The hand of ISIS, Al-Qaeda or whatever other radical Islamic group you can think of, reaches deep into the heart of Africa with its peculiar brand of hate and intolerance.
In documentary filmmaker Lutz Gregor’s Mali Blues, which will be making its domestic DVD debut on July 25 courtesy of Icarus Films, we learn firsthand of one frightful bit of insanity perpetrated by adherents to radical Islam.
The film worked the festival circuit internationally throughout 2016 and had a limited arthouse run domestically earlier this year … the ARR works out to 165 days.
In the land of fabled Timbuktu, musical instruments, song and dance were banned. The penalty for defiance was torture or death. Musicians were forced to flee … their instruments were smashed.
Gregor’s film speaks of these outrages and the Mali musicians who now defy those who would silence them. Performances from international recording star Fatoumata Diawara, Ahmed Ag Kaedi, Bassékou Kouyaté and Master Soumy are included as counterpoint to the terror.
Also announced for DVD delivery on July 25 is the latest film release from the Distrib Films distribution deal reached between Distrib Films and Icarus Films earlier this year.
French filmmaker Thomas Lilti’s The Country Doctor is the next entry in Icarus Films’ ever-growing library of French-language imports.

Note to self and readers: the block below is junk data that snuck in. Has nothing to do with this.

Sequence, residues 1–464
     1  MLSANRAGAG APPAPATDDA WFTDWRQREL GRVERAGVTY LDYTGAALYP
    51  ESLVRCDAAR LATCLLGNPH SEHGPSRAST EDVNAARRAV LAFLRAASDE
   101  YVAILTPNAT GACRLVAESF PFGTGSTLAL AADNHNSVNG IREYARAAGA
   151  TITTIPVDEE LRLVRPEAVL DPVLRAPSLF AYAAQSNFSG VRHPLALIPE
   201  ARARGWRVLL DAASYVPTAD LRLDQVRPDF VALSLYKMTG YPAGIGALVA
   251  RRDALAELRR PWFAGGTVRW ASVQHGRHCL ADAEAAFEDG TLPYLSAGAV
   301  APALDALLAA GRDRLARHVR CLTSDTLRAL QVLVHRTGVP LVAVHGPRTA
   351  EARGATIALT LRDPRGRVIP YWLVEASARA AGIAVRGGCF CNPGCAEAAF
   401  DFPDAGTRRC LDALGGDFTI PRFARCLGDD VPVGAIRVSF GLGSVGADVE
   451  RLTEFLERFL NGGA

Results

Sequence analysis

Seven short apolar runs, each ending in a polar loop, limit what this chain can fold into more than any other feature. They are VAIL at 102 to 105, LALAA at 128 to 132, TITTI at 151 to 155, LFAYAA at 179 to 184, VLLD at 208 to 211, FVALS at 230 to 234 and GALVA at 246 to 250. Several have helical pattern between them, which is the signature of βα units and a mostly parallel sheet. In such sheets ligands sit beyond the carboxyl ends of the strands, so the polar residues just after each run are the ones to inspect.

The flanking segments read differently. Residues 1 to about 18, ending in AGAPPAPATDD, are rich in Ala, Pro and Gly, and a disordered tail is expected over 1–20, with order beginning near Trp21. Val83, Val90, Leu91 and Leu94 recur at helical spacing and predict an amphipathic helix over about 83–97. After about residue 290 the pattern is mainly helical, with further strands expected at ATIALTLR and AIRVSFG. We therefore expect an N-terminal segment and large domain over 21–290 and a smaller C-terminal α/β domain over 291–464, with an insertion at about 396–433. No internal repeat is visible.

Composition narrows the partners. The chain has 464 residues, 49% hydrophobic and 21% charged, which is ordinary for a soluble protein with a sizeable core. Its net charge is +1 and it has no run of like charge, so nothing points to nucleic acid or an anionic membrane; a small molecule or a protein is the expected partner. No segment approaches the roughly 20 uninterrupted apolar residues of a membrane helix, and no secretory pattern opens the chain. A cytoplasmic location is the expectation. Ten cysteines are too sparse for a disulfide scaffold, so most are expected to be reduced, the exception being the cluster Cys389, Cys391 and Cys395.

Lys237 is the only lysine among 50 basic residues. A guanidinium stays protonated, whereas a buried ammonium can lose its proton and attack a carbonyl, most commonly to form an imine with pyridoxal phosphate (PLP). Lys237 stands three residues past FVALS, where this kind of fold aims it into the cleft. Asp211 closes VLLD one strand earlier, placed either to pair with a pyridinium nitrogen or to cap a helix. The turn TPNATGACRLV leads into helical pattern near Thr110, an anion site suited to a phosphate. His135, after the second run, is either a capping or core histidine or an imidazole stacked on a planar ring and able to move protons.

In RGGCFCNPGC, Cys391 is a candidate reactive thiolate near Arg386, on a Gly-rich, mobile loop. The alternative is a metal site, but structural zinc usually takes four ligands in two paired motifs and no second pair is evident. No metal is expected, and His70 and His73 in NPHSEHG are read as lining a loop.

Jean-Pierre Werner (François Cluzet — Little White Lies, The Intouchables, Tell No One, etc.) is the doctor, the country doctor, who services the health needs of villagers in this rural area of France. For him it is a “vocation;” a way of life. Filmmaker Thomas Lilti, who is himself a doctor, uses his unique understanding of the profession to weave this story about a man, Dr. Jean-Pierre, and his extended family … his patients.
When he is diagnosed with a brain tumor, things need to change. He has to moderate his pace … his daily rounds of patient care need to be trimmed. In short, he will need help and that help arrives in the form of a new “city” doctor by the name of Nathalie (Marianne Denicourt).
She is competent in her skills, but she is not “one of the them” … not a member of the community. Her understanding of medicine and Jean-Pierre’s practice of medicine are two very different things and if she is to succeed she will need to learn the difference between the two.
The Country Doctor is a lovely slice-of-life film, especially so since filmmaker Thomas Lilti’s patient vignettes seem to be based on experiences in his own life. They ring true, as does the professional, but well-meaning, “conflict” between Jean-Pierre and Nathalie.
The Country Doctor is presented in French with English subtitles.